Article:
When a perspective shift on pigs does happen, our view of food could correspondingly transform. During my call to Montgomery about Christopher Hogwood, she imagined addressing a notional pig consumer: ‘That ham sandwich you’re eating could have grown up and done as much for some other family as Christopher did for me, but instead became a passing flavour on somebody’s tongue. It just seems such a sad, terrible waste.’ Here is a 180-degree turn away from the view of a pig’s life as existing to please, even for a moment, human beings. Once this perspective-change happens, eating a pig looks like what it is: an ‘absurd, criminal waste of a life for just one meal’, in the apt words of the Swiss primatologist Christophe Boesch.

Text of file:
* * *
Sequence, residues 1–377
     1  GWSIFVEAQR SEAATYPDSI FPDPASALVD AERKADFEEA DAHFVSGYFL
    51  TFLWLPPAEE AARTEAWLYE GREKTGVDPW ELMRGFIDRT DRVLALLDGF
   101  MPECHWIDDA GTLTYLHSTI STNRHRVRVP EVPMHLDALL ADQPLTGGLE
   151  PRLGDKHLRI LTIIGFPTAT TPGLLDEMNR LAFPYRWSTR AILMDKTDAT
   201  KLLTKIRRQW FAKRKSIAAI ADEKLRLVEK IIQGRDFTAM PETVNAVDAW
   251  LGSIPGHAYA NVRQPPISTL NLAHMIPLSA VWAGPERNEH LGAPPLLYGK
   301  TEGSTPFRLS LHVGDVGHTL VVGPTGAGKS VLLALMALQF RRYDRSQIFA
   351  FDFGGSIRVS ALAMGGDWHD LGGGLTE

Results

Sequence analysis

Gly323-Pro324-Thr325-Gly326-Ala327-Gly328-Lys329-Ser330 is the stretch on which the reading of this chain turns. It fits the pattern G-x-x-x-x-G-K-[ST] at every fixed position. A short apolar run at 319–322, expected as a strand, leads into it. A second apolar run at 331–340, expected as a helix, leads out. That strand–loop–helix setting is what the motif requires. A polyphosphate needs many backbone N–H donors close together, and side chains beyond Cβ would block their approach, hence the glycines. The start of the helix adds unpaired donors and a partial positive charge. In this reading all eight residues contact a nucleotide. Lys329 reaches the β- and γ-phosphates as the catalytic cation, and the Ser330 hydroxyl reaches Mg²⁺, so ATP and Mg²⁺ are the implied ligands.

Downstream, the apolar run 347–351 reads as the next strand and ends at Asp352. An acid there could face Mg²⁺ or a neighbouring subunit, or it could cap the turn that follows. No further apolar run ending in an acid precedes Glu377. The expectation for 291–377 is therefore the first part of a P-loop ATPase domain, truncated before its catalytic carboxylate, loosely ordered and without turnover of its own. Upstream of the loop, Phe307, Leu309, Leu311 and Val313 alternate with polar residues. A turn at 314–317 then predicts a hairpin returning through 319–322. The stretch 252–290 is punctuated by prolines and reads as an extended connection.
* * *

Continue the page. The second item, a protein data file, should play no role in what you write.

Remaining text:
Chevreul was one of France's most prestigious scientists by the time he conducted these investigations. By the 1850s, table-turning (also called table-tilting or table-rapping) had become the rage among spiritualists, both in North America and in Europe. In a typical session, a small group of persons, usually called "sitters," would sit around a table with their hands resting upon its top. After an extended period of expectant waiting, a rap would be heard or the table would tilt upon one leg. Sometimes the table would sway and begin moving about the room, dragging the sitters along. Occasionally, sitters would claim that the table actually levitated off the floor. Table-turning was what first attracted many prominent scientists to the investigation of psychic phenomena. During the summer of 1853, several English scientists decided to investigate this phenomenon. Contemporary theories attributed table-turning to such things as electricity, magnetism, "attraction," the rotation of the earth, and Karl von Reichenbach's "Odylic force." Electricity, which the public at that time considered to be an occult and mystical force, was the most popular of these explanations.